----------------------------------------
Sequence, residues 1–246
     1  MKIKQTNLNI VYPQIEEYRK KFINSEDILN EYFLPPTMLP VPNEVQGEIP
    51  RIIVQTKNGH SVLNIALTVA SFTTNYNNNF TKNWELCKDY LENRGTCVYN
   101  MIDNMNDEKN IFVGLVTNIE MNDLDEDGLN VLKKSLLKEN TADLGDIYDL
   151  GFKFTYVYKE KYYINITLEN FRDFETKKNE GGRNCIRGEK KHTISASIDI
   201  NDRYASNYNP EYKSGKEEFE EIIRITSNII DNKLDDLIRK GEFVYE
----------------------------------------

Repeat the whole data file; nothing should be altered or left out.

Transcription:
Sequence, residues 1–246
     1  MKIKQTNLNI VYPQIEEYRK KFINSEDILN EYFLPPTMLP VPNEVQGEIP
    51  RIIVQTKNGH SVLNIALTVA SFTTNYNNNF TKNWELCKDY LENRGTCVYN
   101  MIDNMNDEKN IFVGLVTNIE MNDLDEDGLN VLKKSLLKEN TADLGDIYDL
   151  GFKFTYVYKE KYYINITLEN FRDFETKKNE GGRNCIRGEK KHTISASIDI
   201  NDRYASNYNP EYKSGKEEFE EIIRITSNII DNKLDDLIRK GEFVYE